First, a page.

NAIROBI (Xinhua) --
Kenyans are still grappling with high loan
charges more than two years since the east African nation
introduced caps on banks’ lending interest rates.
passed by the parliament capped interest rates at four
percentage points above the central bank’s benchmark rate, which
currently stands at 9 percent.
The central bank on Jan. 28 retained the benchmark lending
rate at 9 percent, citing a good macroeconomic environment where
inflation is on downward trend and the Kenyan shilling is stable
against major world currencies.
While this was the umpteenth time the central bank was
retaining the rate at the level signaling cheaper credit, the
cost of loans in the country remains high.
Some banks are charging up to 26 percent per annum for loans,
nearly double the recommended 13 percent, having added their
The charges added include cost of disbursement, appraisal,
legal and insurance fees.
A website that guides consumers on the cost of credit by
various banks run by the Kenya Bankers Association (KBA)
revealed on Friday that if one takes a one-year loan of 500,000
shillings (5,000 U.S. dollars) from one of the Kenyan banks,
they would part with monthly payment of 440 dollars and pay 387
dollars in interest and fees, or an equivallent of 26 percent of
For a mortgage of 60,000 dollars to be repaid in five years,
one parts with interest of 20,000 dollars at a 20.3 percent
"I have witnessed a small difference in my monthly mortgage
charges since the implementation of the interest caps," said
Fidelis Waina, an employee of a telecom firm in Nairobi.
Waina bought a three-bedroom house on mortgage in Kitengela
on the outskirts of Nairobi.
This is the fifth year he is paying the loan and he has about
eight more years to go.
"When the capping of interest rates took effect in September
2016, I am among Kenyans who celebrated but this did not
translate to cheaper loans," said Waina, noting he pays the loan
at annual rate of 16 percent, 3 percent above what the law
Banks are blaming the situation that has seen the charging of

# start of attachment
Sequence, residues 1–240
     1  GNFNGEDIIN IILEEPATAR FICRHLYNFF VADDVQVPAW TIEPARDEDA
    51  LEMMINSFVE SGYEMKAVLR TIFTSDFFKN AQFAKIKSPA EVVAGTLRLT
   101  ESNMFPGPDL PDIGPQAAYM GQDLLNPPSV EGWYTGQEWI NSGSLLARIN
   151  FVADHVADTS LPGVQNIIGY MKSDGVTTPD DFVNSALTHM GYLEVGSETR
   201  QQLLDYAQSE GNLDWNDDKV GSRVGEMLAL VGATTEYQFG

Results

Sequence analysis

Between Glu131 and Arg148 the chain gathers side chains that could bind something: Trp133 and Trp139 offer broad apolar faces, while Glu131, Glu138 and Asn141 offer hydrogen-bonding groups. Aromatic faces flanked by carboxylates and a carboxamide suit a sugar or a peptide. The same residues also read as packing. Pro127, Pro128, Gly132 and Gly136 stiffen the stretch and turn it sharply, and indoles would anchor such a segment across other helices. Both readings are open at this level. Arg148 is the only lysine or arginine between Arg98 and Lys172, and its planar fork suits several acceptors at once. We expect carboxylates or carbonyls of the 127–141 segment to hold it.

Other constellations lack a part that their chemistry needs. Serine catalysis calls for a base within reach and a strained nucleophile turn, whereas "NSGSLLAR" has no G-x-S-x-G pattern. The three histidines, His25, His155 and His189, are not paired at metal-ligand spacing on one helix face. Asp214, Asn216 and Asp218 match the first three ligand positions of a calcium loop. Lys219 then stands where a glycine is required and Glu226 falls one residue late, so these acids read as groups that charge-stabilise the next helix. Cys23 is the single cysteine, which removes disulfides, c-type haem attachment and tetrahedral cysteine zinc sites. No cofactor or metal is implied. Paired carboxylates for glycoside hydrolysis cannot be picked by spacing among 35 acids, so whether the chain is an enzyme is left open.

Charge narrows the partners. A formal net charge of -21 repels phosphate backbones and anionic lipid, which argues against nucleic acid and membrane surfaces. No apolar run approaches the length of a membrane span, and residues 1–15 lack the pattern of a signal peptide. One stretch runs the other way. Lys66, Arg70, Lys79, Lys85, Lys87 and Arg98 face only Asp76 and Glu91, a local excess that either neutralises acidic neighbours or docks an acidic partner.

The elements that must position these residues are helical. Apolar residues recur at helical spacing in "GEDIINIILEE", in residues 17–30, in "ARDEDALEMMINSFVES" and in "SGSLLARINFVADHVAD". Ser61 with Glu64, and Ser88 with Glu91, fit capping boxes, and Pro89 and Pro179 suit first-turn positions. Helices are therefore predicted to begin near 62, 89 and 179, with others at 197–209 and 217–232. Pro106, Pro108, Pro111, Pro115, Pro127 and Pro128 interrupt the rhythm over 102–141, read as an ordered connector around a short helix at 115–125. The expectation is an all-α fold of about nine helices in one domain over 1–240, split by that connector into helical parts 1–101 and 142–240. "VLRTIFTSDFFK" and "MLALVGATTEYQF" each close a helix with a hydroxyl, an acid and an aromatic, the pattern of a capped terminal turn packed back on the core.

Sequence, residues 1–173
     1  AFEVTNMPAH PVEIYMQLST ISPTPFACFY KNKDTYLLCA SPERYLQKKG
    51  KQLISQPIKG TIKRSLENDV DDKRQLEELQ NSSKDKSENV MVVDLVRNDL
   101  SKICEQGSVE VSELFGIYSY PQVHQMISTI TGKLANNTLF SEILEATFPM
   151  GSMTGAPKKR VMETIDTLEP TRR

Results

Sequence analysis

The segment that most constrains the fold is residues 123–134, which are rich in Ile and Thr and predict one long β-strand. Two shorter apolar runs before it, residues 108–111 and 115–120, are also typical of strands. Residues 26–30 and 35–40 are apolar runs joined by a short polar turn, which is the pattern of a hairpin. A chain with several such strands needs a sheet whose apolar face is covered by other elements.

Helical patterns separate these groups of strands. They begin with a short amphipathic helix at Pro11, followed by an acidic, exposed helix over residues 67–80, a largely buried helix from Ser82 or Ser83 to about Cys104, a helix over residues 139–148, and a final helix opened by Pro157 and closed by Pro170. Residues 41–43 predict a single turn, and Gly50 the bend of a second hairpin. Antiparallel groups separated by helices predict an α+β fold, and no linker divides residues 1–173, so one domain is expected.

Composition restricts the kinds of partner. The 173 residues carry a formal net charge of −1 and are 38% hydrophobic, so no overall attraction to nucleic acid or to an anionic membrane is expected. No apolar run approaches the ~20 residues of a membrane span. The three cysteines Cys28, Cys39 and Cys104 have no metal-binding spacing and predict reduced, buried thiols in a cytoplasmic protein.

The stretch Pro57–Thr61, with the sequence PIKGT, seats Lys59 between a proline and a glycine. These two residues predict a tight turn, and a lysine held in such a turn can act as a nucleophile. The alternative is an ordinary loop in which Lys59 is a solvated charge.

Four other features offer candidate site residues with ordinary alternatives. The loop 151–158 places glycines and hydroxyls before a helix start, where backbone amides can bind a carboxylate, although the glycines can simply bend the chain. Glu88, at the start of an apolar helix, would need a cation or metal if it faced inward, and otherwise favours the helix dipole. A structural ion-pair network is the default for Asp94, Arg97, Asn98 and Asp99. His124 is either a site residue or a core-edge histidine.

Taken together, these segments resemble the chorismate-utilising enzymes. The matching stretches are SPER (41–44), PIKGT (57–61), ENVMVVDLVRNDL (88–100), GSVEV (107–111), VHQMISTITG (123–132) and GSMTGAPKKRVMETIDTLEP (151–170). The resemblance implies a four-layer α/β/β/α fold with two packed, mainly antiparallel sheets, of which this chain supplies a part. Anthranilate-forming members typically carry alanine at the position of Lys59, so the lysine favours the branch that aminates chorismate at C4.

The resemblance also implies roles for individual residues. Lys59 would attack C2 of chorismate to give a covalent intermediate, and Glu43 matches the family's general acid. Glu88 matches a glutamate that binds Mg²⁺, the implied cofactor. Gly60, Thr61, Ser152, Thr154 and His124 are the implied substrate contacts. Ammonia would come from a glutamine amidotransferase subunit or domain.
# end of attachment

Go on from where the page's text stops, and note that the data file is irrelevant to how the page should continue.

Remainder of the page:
higher fees on costs and risks associated with borrowing,
according to Habil Olaka, the KBA chief executive.
The costs range from bank fees and charges to third-party
charges such as legal fees, insurance and government levies.
The KBA notes that loan applicants tend to focus only on the
interest rate when making a loan decision, but there are other
direct costs associated with borrowing that raise charges.
In a survey last year, the Central Bank of Kenya noted that
some banks exploited the existing approval limits to increase
fees on loans to offset loss in interest income.
And as small businesses suffer from loan drought, what the
central bank has not captured is that the rates have pushed
borrowers to expensive digital lenders.
There has been an upsurge in the number of digital lenders in
the last two years as operators cash in.
The lenders charge up to 15 percent one-off interest rate on
loans, making their services the most expensive as borrowers end
up paying a 300 percent interest rate if they borrow every month
and up to 720 percent interest rate if they do it weekly.
According to the International Growth Center, the rate cap
law did not enhance transparency by financial institutions but
assumed that interest rate caps as a policy tool will adequately
address some of the key market failures.
Banks have thus responded by re-orientating their charges
toward fees to make up the difference.
This has been bad for consumers.